Former top general and CIA chief David Petraeus passed classified secret information to his lover, including details of ongoing covert operations and names of undercover agents, and subsequently lied about these actions to the Federal Bureau of Investigation, the Department of Justice announced Tuesday.
Petraeus transferred the notebooks to Paula Broadwell in August 2011 while he was head of the CIA. The books contained a range of state secrets including US war plans, intelligence capabilities, and minutes from National Security Council meetings and private one-on-one discussions between the general and President Barack Obama, according to the Washington Post.
Broadwell requested the information as part of her research for a biography of Petraeus, published as All In: The Education of General David Petraeus. The evidence makes clear that Petraeus knew he was passing extremely sensitive information to his mistress.
“Umm, well, they’re really, I mean they are highly classified,” Petraeus can be heard telling Broadwell on an audio recording from 2011.
Less than a month before his affair with Broadwell became public, Petraeus lied to US government investigators, saying that he never transferred any secret information to her. An FBI team seized the notebooks from Petraeus’ residence in Virginia in April 2013, nearly half a year after the retired general signed an FBI statement declaring that he no longer possessed documents containing classified information.
The FBI had ordered Petraeus questioned after discovering emails between Broadwell and Jill Kelley, a wealthy socialite known for hosting lavish parties for top Pentagon officials at her residence in the Tampa, Florida area.
Senator John McCain, a leading congressional representative of the military-intelligence apparatus, voiced his unshaken solidarity with Petraeus, saying that he had already “expressed deep regret” and that “it is time to consider this matter closed.”
“Petraeus will continue to provide his outstanding service and leadership to our nation, as he has throughout his distinguished career,” McCain said.
While Edward Snowden and numerous other whistleblowers have been threatened with death and subject to extensive vilification in the media for revealing grave crimes by the government, Petraeus will pay a fine of $40,000 and will not face any jail time, according to federal attorneys.
The former general’s treatment is in sharp contrast to the savage penalties imposed on Private Chelsea (Bradley) Manning, who exposed some of the crimes of American imperialism in Afghanistan and Iraq by downloading classified material and sending it to WikiLeaks for publication.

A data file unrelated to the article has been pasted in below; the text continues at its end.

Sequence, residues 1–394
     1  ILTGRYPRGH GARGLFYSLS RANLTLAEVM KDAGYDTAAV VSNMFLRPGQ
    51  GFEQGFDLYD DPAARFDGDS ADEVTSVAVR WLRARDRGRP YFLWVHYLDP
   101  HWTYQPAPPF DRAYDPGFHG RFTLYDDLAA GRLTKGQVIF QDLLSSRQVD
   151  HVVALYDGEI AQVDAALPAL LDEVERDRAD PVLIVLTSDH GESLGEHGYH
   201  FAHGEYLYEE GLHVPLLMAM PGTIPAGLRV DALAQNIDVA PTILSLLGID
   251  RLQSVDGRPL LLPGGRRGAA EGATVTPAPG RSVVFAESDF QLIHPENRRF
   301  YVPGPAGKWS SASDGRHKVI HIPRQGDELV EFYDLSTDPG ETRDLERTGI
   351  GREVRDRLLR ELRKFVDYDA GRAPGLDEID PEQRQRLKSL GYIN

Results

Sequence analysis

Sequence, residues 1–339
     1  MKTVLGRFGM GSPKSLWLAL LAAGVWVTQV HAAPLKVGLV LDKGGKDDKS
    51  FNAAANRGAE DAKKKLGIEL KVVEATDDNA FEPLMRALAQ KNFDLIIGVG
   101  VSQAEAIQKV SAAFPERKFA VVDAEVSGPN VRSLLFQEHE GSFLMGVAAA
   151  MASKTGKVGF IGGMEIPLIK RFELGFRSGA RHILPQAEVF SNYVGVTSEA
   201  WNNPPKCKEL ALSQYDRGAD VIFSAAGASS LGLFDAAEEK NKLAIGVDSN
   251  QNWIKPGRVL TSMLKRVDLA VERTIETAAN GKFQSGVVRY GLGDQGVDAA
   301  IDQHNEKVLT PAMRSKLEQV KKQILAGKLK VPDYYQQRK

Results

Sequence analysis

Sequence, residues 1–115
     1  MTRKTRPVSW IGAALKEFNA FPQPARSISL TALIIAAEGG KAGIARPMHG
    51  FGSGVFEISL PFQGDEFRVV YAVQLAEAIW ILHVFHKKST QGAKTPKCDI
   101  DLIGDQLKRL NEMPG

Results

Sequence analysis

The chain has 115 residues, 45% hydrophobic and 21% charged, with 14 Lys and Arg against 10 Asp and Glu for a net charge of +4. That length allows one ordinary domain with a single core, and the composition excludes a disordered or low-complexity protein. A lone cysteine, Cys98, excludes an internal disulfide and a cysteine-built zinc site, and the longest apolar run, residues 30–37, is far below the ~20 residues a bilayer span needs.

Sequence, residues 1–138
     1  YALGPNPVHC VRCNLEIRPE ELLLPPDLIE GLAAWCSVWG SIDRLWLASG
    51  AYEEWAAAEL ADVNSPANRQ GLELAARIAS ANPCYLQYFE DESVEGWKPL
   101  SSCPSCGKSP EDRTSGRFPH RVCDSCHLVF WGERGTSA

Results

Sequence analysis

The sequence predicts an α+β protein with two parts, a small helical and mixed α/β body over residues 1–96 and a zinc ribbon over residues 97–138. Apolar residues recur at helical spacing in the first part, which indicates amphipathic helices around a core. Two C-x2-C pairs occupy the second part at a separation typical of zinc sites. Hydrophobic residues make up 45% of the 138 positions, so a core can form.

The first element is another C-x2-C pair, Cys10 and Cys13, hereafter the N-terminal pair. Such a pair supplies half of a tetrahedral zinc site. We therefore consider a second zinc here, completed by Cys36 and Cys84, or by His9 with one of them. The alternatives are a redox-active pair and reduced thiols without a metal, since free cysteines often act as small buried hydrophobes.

Manning is serving a 35-year prison term, while Julian Assange of WikiLeaks has been locked up in the Ecuadoran embassy in London where he sought asylum three years ago.
Far from being prosecuted for war crimes, for which Manning, Assange and others have provided ample evidence, Petraeus has enjoyed a well-publicized career in the upper echelons of the American military-intelligence apparatus.
Prior to his downfall, Petraeus rose steadily through the military, culminating in the command of multinational forces in Iraq during 2007-08, then command of CENTCOM and of occupation forces in Afghanistan. Petraeus assumed leadership of the CIA in September 2011, and ran the top US intelligence agency for more than a year before the Broadwell relationship became public.
Since leaving the CIA in November 2012, Petraeus has been welcomed with open arms by the financial and academic establishment, working as a globe-trotting consultant for New York investment house Kohlberg Kravis Roberts & Co. LP (KKR) and been appointed to professorships at the City University of New York (CUNY), the University of Southern California, and the University of Exeter.
Petraeus apparently fell afoul of political currents in Washington, under circumstances that remain murky even today. He was kicked upstairs from Afghanistan to the CIA in the summer of 2011, at a time when Republican Party circles were seriously discussing him as a possible presidential or vice presidential candidate against the Obama-Biden reelection ticket.
His ouster from the CIA was also politically timely. Petraeus handed in his resignation within days of Obama’s reelection, paving the way for John Brennan, Obama’s top national security aide and the overseer of the drone missile assassination program, to return to the CIA and become its director.
His resignation came only two months after the events in Benghazi, Libya, when a US diplomatic post and a CIA annex were attacked by Islamists who had been working with the agency as part of its efforts, first to overthrow Muammar Gaddafi in Libya, then to attack the government of Bashar al-Assad in Syria.
Since then, the Republican hue and cry over Benghazi, itself motivated by an effort to discredit then Secretary of State Hillary Clinton, the likely Democratic presidential candidate in 2016, has served to divert attention from the primary role of the CIA in the events in Libya, which remain uninvestigated to this day.
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The Petraeus affair
[12 November 2012]